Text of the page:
2. Oh wow, what a great video. That pacing looks delicious (delicious is a food word, but acceptable here because I refer to a pleasurable and nutritious component of one's sensory diet). There's a certain size of circle you can pace - the one Leo's doing here looks about perfect for his height - that gives you a sensation of pressure in your body, when you find yourself leaning inward to stay on course. It's difficult to describe - maybe you know the science concept that causes this? Is it centrifugal force or something?

    (If you're curious, you can probably experience something like what Leo experiences by walking in circles of various size until you find the one that feels best, though I'm not sure how it will feel in your body and brain)

  3. My daughter doesn't stim--usually. Recently, she's started talking with a friend on the phone, and if she's not talking while on the computer (while her friend and her check out a site), I've noticed that she walks around the dining room table while she chit-chats away. It actually looks very similar to what Leo is doing on the video.

  4. There isn't much more harmless then someone walking circuits! It's not like he or she is bullying anyone. I know of a kid who used to made repetitious hand movements - why? To see and contemplate how the muscles and bones work! Such activities are often done for a reason even if we don't know why :)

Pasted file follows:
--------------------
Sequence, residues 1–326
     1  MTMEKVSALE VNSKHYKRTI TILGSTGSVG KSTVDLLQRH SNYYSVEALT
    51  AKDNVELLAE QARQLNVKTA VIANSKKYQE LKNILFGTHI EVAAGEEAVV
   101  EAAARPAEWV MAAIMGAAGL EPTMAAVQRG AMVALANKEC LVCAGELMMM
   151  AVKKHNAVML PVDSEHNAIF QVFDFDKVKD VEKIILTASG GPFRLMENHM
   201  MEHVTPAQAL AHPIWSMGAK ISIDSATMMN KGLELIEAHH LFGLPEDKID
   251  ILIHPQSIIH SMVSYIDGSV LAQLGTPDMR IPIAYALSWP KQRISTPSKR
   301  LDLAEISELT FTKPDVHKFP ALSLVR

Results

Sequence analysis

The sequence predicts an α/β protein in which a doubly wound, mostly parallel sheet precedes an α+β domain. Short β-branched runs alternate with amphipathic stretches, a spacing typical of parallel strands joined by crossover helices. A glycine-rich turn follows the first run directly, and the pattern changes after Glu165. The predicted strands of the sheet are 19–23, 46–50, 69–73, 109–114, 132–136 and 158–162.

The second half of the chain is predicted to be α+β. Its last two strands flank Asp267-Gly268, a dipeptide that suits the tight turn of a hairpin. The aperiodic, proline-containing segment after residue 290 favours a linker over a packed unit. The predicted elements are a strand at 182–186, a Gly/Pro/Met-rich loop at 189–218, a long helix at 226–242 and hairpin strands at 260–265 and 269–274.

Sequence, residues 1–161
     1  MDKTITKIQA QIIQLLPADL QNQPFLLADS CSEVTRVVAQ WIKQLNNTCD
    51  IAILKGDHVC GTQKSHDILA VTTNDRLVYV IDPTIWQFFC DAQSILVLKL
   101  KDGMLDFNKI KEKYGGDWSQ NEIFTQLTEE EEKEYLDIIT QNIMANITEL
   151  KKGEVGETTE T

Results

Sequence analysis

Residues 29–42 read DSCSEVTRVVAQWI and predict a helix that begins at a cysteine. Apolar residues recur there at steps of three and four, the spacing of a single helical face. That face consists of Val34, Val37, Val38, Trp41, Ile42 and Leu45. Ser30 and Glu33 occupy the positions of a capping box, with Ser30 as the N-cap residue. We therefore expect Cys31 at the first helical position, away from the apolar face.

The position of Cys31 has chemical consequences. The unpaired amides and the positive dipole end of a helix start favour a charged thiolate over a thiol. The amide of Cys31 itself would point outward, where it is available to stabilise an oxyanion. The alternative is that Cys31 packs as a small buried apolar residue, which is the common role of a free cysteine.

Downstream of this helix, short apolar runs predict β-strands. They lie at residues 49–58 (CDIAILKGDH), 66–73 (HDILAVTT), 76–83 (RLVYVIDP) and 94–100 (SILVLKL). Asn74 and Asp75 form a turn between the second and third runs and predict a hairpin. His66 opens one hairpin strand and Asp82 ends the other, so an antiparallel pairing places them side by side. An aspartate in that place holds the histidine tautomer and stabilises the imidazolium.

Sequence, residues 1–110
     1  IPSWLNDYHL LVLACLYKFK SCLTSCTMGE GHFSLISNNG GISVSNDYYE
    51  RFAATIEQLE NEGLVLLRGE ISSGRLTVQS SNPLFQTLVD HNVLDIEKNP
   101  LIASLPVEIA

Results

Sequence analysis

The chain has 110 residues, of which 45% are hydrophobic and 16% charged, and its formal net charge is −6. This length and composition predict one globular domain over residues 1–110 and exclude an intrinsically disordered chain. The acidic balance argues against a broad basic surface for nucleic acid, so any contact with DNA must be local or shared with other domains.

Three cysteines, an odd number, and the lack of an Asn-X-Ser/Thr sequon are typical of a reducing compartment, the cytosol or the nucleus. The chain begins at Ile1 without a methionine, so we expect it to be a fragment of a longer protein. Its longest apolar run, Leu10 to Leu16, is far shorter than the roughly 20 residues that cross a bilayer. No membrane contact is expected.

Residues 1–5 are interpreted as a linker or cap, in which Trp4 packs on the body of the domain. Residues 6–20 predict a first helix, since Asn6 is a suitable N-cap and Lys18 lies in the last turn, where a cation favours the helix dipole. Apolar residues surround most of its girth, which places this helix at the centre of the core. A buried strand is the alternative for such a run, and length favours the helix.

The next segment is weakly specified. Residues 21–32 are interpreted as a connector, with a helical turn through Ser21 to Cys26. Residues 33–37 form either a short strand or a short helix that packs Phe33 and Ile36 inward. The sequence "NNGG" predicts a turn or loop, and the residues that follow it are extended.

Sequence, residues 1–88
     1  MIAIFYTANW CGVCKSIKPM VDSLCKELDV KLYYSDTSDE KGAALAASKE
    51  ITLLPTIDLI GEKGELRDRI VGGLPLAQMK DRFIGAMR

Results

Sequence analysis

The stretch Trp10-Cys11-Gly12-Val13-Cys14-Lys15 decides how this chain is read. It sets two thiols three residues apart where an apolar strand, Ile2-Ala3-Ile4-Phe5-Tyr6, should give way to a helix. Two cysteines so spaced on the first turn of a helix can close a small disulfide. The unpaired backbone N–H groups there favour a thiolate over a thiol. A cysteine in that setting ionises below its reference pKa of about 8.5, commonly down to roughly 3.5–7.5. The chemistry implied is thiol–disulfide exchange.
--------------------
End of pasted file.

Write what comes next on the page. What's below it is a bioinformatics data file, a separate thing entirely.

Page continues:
5. Before I had my child, before I saw his beautiful movements, before I knew ... I would have to say (and I'm guessing) that I thought he was playing out a game of some sort even though I couldn't tell what it was. Somehow that it made sense for him. I'm not saying that to make me look good or some nonsense, but I hope that gives you (as it gives me) comfort in the many views of our children.

    Also, your site rocks. As does TPGA's.

  6. Thanks folks -- hope reserves renewed, thanks to all y'all. And Zoe, I'll be trying to find that circle!

  7. What would I have thought?